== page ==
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'Our 10-year-olds now have type 2 diabetes' - health expert warns


Professor Niall Moyna

Professor Niall Moyna

�INPHO/Dan Sheridan

Professor Niall Moyna

Children as young as 10 years old are presenting with type 2 diabetes as Ireland's obesity levels continue to climb upwards, a leading expert has said.

But according to Professor Niall Moyna, from the Centre for Preventive Medicine at DCU, this kind of diabetes is wholly avoidable as the disease is intrinsically linked with poor life-style choices and is becoming increasingly common among Irish pre-teens.

"Type 2 diabetes is 95pc lifestyle. It used to be called adult onset diabetes because you didn't get it until your 40s and 50s.

"But we now have pre-pubescent children in this country diagnosed with diabetes, so you can imagine what their journey is going to be.

"If you're a pre-pubescent diagnosed today, the likelihood is those individuals will lose a limb in their 20s, half of them will go blind in their 30s and spend the last few years of life in their 40s going to dialysis three days a week, and it's all preventative," he said.

Prof Moyna said, given that people are now typically living longer and beyond the age of 80, individuals have to make informed choices about their exercise levels and make smart diet choices to avoid decades of poor quality of life.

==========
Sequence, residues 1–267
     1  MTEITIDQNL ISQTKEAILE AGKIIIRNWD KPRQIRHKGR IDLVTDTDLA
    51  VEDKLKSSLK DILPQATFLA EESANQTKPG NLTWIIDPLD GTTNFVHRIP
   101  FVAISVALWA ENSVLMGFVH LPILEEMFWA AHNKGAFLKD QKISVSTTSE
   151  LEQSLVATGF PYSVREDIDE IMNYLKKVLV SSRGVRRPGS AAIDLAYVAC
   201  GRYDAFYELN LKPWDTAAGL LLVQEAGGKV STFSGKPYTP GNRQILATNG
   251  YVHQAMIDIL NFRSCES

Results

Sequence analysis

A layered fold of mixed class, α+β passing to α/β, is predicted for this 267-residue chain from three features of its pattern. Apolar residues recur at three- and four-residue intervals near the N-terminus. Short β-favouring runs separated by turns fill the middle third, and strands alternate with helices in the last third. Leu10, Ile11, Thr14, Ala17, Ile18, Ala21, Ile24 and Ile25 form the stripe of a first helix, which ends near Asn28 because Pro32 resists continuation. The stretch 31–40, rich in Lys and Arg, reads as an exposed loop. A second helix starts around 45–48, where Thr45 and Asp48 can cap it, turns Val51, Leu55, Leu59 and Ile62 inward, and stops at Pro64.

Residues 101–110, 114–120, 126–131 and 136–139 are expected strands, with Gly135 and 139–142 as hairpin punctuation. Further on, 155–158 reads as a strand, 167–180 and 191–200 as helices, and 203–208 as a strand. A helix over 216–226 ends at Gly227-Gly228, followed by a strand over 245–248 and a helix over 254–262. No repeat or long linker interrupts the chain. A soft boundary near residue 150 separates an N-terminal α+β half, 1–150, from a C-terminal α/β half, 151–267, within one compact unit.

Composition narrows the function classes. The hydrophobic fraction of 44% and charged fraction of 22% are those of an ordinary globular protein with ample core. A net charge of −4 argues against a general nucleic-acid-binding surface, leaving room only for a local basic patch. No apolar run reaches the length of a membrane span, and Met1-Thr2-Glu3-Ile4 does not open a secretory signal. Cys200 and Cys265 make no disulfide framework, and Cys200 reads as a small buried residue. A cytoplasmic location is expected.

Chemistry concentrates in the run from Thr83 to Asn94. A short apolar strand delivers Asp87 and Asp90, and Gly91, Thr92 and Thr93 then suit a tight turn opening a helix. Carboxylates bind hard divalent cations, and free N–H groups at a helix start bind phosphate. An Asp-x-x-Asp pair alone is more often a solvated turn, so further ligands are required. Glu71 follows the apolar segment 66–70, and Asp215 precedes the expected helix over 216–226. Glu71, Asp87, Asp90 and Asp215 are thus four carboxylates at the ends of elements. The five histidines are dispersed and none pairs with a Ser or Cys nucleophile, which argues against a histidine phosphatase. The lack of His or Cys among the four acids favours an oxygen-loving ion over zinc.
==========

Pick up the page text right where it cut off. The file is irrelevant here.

According to a study in The Lancet, Ireland is now on course to become the most obese country in Europe by 2025, along with the UK, as we face into a looming healthcare crisis.

He said that people need to be more proactive when it comes to their lifestyle choices and start tracking their exercise and diet.

"The bottom line in all of this is we're all going to live till beyond 80 years of age and we have to decide how much of that life span is going to be health span," he said.


"At the moment in Ireland, people are on multiple medications in their 50s and 60s, so they're living the last 30 years of their life in a state of ill health and on multiple medications with multiple ailments."

He was speaking at yesterday's launch of the MyLife app at the Marker Hotel.

The app has been described as the first of its kind that lets users monitor and improve their own health score.

Devised by Irish Life, it encourages users to select and set a fitness, nutrition and lifestyle goal each month, allowing people to earn points and rewards when they reach their targets.

Using data compiled from your BMI to your lifestyle and mental health, it's being hailed as a game-changer in the personal fitness industry.

"You're going to get an overall view of you, who you are, and the doctor is going to be able to give you lifestyle or surgical intervention, based on your unique profile. This app is the start of this revolution," Prof Moyna said.

"We will be able to individually prescribe treatments; we can be pre-emptive as well in predicting disease and that is hugely transformative."

The event was hosted by RTE presenter Kathryn Thomas who said the app "rewards people for living healthily and we all need an incentive".

"It makes you think about your health differently," she said. "It doesn't just do your steps, it tracks lifestyle, your emotions, your stress level, your sleep, so you can key in areas you need help with."